Charles Nevin: How to have a humming time at the start of what could be a real humdinger of a week

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The Independent Online

Happy Monday! Yes, yes, I know it can be a day on which the humdrum, the routine and the sheer sameness of life can lie as heavy as a contented elk, but that's why I'm here: to lay out the vast variety of human experience and, hopefully, inspire you into copying some of the following examples and pepping things up a bit.

Let's take a simple example. Have you ever thought about "humdrum"? It turns out, charmingly, to be rather an exciting word, of mysterious derivation. There's speculation that it's derived from "hum", but I see that as just another case of anti-humming prejudice.

I like humming. It's not dull at all, as anyone who has ever heard me doing the theme from The Magnificent Seven will readily agree. Where would Wink Martindale's "Deck of Cards" be without humming? Exactly. Has Elvis's debt to the humming of the Jordanaires, particularly on "Are You Lonesome Tonight?", ever been sufficiently acknowledged? I think not.

And now, I see, Australian aircraft engineers have worked out that wings produce up to 22 per cent better lift if a humming sound is played over them. No, no details yet on which hums work best, but I can tell you that I move much more easily when I'm doing "The Dambusters". Try it yourself today. But I'd build up slowly to "Space Oddity", if I were you.

Name your price

Something else to think about in the life-pepping area: a name change. The citizens of Sharer, in Kentucky, have been offered $100,000 to change its name to PokerShare.com by the eponymous online betting set-up. Are you from one of those fine Yorkshire resorts, Scarborough, say, or Bridlington? How about EeBay? Or EeBay.gum? Googleswick has a bit of ring to it, too. It wouldn't take much for Esher to become Esure, either. And I can't understand why Portrush hasn't approached Lastminute.com already.

But perhaps you fancy an even more drastic change. In which case, dogged readers will know immediately what I'm going to recommend: Germany, where something exciting is always happening. They've just had the World Beard and Moustache Championships. And now they've invented an interactive beer mat, which sends signals to the bar when your glass is empty. Going by my experience, I'd suggest its efficacy will depend on exactly where the receiver is attached, and whether electrodes are involved.

Staying with drinking technology, there was another outing last week for the one about the motorist testing positive for drinking when all he'd had was a Fisherman's Friend. Near Munich, this time. All to do with the effect of the lozenge's essential oils on handheld breathalysers, if we're to believe it.

You have to be careful with a Fisherman's Friend, though. I recall, and often do, the case of the man up for some outré piece of behaviour who developed the same bad cold as the judge. "Would it help if he sucked a Fisherman's Friend?", asked the judge. "No, thank you, m'lud," replied his counsel, "He's in quite enough trouble already." True, too.

Pull of the wheeled

Now where were we? Ah, yes, excitement. Have you thought about pulling a car with your teeth? Mrs Wang Xiaobei, 71, of Jinan, in China's Shandong province, has just pulled one 65 feet. Actually, this sort of thing is quite popular over there: you must remember Mr Zhang Xingquan, 38, of Dehui, in Jinlu province, who does it with his ears while walking on eggs.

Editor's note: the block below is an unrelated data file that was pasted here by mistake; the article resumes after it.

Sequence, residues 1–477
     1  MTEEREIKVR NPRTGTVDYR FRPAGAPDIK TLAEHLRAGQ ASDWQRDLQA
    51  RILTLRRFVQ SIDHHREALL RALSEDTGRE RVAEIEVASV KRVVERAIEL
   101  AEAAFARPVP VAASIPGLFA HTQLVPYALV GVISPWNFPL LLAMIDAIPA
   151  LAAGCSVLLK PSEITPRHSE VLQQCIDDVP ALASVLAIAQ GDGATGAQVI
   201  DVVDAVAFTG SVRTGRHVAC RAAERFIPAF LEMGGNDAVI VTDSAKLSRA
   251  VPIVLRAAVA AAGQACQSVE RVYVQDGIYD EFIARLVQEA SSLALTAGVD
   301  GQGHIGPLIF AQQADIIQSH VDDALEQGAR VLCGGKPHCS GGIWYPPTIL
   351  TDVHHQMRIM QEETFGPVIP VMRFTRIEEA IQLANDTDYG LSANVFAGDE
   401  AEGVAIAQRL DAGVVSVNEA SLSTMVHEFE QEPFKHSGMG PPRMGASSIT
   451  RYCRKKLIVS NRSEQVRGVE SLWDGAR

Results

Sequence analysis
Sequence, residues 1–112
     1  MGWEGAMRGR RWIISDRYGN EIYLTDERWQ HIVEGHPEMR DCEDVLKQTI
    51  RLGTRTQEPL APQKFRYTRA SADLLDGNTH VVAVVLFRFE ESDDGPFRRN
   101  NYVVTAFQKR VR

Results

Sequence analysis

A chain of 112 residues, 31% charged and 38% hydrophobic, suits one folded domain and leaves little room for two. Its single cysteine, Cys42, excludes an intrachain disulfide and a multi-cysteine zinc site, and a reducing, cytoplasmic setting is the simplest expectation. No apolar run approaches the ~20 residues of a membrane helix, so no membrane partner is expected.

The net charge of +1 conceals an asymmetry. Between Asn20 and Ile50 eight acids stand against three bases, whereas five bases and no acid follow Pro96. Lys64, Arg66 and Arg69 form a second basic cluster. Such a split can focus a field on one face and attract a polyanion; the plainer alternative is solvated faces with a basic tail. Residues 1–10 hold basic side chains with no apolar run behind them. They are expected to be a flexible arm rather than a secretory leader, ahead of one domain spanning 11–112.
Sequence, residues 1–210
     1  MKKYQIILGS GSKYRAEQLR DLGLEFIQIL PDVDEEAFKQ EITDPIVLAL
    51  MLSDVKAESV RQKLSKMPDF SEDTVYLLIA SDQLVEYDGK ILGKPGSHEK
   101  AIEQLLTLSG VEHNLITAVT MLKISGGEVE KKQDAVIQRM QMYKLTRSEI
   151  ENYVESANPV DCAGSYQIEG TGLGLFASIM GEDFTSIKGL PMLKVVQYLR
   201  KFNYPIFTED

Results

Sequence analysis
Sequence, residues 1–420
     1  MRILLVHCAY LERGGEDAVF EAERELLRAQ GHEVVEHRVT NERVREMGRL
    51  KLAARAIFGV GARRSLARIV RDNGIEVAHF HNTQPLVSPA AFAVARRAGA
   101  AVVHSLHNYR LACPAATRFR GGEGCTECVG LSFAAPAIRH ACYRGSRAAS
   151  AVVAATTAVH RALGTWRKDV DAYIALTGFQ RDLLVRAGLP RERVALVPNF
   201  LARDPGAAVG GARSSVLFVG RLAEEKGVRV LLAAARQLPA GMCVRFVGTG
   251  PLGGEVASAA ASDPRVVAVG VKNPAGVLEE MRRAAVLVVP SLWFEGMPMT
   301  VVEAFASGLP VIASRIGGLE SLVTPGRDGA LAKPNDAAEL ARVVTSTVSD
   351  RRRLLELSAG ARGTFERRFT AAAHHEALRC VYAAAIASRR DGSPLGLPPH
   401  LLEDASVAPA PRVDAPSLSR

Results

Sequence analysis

No? Something a little less strenuous? Well, Mr Gilberto Cruz, 42, of Brazil, can manage an hour without blinking. Now he would make the ideal conference delegate. Anything else? Well, there's not long to go to Christmas, as I realised when I read about Mr Olavi Nikkanoff, Danish farmer and part-time Santa, whose reindeer, Rudolf, died of a heart attack when two F-16 fighter jets passed low over the farm. The Danish air force has paid Mr Nikkanoff £3,000 so he can get another one in time for Christmas, although how much use Rudolf would have been, up there, with a dicky ticker, on the big night, is questionable. But perhaps he thought that was how fast Santa was planning to go this year.

Reindeer rage

Funnily enough, or not, a reindeer has just attacked an elderly couple up in the wilds of Finnish Lapland. This is extremely rare, but I got a glimmer of an explanation when I saw that the woman had been on her mobile when the attack came. Way up there, probably talking to another mobile: that's asking for a deer charge.

But you're probably pre-occupied with whether a part-time Santa is a tautologous Santa. I don't often get the chance to mention this, but I once came across Santa Ricky Baldwin, "The Year Round Santa". He was at an international ventriloquists' convention in Las Vegas, partnering a penguin, as he hadn't had room to bring his reindeer. Was he good? They were all amazing, especially the Japanese chap drinking a glass of milk while his dummy sang "When You're Smiling". Ah, happy gays, glinding time.

Spot the difference

Reindeers and caribou; elk and moose; buffaloes and bison: you'll want to know the difference. Well, I've yet to come across a strawberry elk, you can't wash your hands in a buffalo, and caribou can't fly. Santa Ricky, by the way, lives on Bethel Road, Columbus, Ohio, when he's down.

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